Listen to an interview with Jakuzi’s Kutay here:

About the album

 Jakuzi don’t sound like any other band out there right now. Their debut album ‘Fantezi Müzik’ could be described as a lo-fi pop masterpiece from a faraway time, place and perhaps an alternate universe. Think David Bowie having a fever dream in Turkey, Depeche Mode stranded at the Bosporus… but at the end of the day they just sound completely like themselves.

While music fans and the press were busy catching up on the Turkish legacy of 70s rock and psychedelia, a very active and vibrant underground music scene was developing under the radar in Istanbul. Jakuzi are the latest offspring, and their debut record might just change the international perception of contemporary Turkish music.

When Kutay Soyocak (vocals) and Taner Yücel (bass / synths) started Jakuzi, their aim was to create something different to their previous punk and garage projects, a background which has frequently brought out the best in synth-wave bands. Many of the songs are deeply rooted in the rich history of Turkish pop but Western listeners will also take note of a wide variety of influences ranging from krautrock, disco and post-punk, which Jakuzi were able to translate into something uniquely gripping. In the Autumn of 2016, the band released a handful of songs on cassette tape and digitally via Bandcamp in Turkey (until Paypal was banned) and quickly rose to fame in their hometown of Istanbul; excelling at a genre that was more or less unfamiliar in their country, and surprising everyone including themselves.

Jakuzi bring synth-wave back to its glorious heyday, as explained by bass player Taner: “Jakuzi’s mission is the essence of the earliest wave bands – wanting to express to their listeners that emotional songs can still be made for dancing, and that celebration and physical expression aren’t limited to shallow or dumbed down pop music“. A perfect example of this is “Belki De Sen Hakl?s?n”, a dreampop song written while Kutay and Taner were both dealing with relationship problems of their own and worked them out through their musical collaboration. Masculine Turkish music of any genre is not known for being introspective. Arabesque music, another form of Turkish Synthesiser music, is literally an entire genre of blaming your partner for your own problems. Jakuzi’s gothic sensibility however reaches deep into their own experiences and pulls out honest, raw and even sensual emotions.

Jakuzi’s openness extends further than just being upfront about their feelings. The song “Lubunya » is about Kutay and Taners’ respect for people of trans-orientation, which is an absolute first for Turkish popular music. Their concerts offer a safe place for Turkish punks and goths but also for people of alternative sexuality. This nakedness to their audience is reciprocal – Taner recalls a live event when a member of the crowd danced naked and trance-like onstage, inspired by the liberating erotic atmosphere generated by Jakuzi’s music. Even though at the time it did not seem unnatural, in reality it was a highly subversive act of freedom.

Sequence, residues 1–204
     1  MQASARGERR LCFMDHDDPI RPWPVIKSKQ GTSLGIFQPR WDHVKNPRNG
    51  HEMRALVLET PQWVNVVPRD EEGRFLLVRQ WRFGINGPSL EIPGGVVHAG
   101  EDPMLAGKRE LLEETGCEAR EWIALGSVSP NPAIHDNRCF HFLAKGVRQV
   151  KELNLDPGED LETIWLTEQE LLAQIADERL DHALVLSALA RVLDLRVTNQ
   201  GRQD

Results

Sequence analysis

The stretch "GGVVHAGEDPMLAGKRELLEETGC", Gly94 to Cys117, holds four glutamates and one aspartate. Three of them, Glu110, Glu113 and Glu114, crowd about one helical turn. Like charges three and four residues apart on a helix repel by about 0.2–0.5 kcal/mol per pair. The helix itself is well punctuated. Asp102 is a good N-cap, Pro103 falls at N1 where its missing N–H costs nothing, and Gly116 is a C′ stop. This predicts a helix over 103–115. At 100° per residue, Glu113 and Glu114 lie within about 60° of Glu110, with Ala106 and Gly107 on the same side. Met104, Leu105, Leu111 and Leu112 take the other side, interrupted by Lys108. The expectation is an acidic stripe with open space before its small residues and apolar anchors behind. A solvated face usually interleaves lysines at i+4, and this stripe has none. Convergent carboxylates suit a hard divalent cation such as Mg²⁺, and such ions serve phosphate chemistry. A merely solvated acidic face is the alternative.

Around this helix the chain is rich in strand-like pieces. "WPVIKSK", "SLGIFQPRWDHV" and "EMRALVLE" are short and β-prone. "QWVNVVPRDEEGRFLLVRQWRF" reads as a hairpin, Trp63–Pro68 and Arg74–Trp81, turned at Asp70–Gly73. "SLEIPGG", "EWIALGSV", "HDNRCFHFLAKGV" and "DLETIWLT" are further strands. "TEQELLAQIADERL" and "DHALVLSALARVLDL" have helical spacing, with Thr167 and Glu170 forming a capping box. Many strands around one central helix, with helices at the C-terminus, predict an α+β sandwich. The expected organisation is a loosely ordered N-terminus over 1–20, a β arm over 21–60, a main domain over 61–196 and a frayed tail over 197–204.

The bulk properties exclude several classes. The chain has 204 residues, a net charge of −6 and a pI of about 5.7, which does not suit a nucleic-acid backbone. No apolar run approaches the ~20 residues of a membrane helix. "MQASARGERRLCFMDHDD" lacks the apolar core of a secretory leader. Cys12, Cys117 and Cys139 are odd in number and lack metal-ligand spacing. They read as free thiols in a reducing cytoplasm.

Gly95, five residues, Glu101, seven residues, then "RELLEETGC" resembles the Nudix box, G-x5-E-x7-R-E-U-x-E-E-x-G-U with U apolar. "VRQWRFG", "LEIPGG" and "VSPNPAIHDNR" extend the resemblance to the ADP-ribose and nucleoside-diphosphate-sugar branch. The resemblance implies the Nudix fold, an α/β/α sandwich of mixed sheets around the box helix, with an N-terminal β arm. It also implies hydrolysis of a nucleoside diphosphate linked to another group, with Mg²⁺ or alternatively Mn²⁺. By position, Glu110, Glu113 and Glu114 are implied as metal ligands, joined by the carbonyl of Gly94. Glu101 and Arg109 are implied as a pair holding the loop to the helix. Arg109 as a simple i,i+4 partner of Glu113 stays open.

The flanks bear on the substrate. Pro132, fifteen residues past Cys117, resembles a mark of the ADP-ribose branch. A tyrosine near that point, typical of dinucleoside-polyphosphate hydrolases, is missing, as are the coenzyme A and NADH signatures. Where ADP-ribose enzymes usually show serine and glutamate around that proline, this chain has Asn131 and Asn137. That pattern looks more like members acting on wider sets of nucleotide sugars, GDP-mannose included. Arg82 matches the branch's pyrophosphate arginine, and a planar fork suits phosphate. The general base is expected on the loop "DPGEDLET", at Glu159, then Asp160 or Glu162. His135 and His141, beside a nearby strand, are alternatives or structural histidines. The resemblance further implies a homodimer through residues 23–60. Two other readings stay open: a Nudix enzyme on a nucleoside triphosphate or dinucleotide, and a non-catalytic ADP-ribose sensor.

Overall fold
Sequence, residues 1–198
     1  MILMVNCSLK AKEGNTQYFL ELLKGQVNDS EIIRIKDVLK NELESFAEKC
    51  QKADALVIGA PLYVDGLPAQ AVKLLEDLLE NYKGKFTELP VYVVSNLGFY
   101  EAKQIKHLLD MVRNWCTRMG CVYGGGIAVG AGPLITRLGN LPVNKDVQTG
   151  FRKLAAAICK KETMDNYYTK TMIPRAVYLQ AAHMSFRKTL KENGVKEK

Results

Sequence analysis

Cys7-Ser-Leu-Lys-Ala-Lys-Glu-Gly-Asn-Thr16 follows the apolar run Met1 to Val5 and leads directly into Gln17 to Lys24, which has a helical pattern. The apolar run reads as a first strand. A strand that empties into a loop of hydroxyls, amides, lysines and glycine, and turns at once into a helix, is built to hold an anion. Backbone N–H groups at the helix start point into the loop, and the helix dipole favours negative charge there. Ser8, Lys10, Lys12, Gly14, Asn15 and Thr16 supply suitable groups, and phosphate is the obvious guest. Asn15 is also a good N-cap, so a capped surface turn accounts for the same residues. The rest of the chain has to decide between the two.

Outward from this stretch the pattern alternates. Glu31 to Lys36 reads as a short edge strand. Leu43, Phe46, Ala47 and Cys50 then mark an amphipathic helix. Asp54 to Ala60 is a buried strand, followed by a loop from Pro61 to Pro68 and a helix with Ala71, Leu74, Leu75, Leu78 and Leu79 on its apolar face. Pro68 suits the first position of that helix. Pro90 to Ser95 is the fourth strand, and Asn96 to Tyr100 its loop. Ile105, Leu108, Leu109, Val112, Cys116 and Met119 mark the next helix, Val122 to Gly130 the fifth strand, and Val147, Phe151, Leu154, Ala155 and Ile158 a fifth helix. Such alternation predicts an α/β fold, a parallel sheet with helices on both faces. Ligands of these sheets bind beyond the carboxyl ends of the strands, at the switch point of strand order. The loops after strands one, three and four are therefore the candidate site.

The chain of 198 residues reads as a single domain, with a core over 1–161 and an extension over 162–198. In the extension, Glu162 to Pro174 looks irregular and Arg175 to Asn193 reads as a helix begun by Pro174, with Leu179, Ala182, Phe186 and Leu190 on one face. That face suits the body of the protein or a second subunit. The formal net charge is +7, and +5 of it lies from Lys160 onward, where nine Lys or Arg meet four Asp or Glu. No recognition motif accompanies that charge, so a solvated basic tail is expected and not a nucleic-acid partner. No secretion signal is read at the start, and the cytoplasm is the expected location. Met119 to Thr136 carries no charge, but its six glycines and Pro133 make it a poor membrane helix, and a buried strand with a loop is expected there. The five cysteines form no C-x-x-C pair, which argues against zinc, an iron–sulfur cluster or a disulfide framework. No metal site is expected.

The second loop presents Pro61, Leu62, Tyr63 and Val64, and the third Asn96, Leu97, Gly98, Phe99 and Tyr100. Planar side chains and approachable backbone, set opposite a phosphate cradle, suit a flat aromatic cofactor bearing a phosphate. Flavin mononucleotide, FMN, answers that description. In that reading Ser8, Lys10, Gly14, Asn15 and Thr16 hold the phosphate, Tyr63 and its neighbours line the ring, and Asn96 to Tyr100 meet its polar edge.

Highlights of the album include the opener “Geriye Dönemiyor” and the closer “Yine Ayni ?eyi Yapt?m”, both of which point out Jakuzi’s attraction to more progressive new wave styles. “Istedi?in Gibi Kullan“ and “Koca Bir Saçmal?k” are two straightforward synth disco numbers; “Her An Ölecek Gibi” mixes Turkish romanticism with supreme chillwave and “Bir Dü?man?m Var“, a fan favorite, has turns of phrase and harmonic artistry that would make Bryan Ferry blush.

‘Fantezi Müzik’ is a record that is stoked by enthusiasm for music, a manifest for life and change; it creates an alternative option to the harsh reality. Kutay’s voice, which deals throughout the record with all the elements of life’s miseries: alienation, love, death, passion and not giving up, is eerie and haunting. It’s in Turkish, but you can still understand and relate to it – it’s a voice so powerful that it sends shivers down your spine. ‘Fantezi Müzik’ is a magical, emotional and romantic journey that embodies individuality and disaffection and exhibits a true underground pop spirit that is also far more punk than it would first appear.

Ce Turque pourrait s’appeler Jacuzzi, tant sa musique est chaude et pétillante. Bowie du Bosphore, Sparks des Dardanelles, Jarvis Cocker de Byzance, Jakuzi est en fait un duo, né de l’agitation underground d’un pays dont la richesse sonique ne se révèle qu’au compte-gouttes. Cette façon d’accomoder les restes du monde, de jouer au puzzle avec des influences disparates est propre aux cultures où la pop n’est pas dominante, où sa mainmise n’est pas écrasante, intimidante.

Au carrefour de l’Orient et de l’Occident, cet album à la production souvent excentrique, pour ne pas dire archaïque, compense heureusement sa pauvreté de moyens par une audace qui le fait mélanger slows sixties et krautrock, synth-pop MTV 1983 et dreampop enfumée. Cette euphorie de la feuille blanche et de l’itinéraire sans conseils ni GPS fait particulièrement mouche sur Geriye Dönemiyor ou Bir Düsmanım Var, qui offrent effectivement une musique fantaisiste, une musique fantasque.




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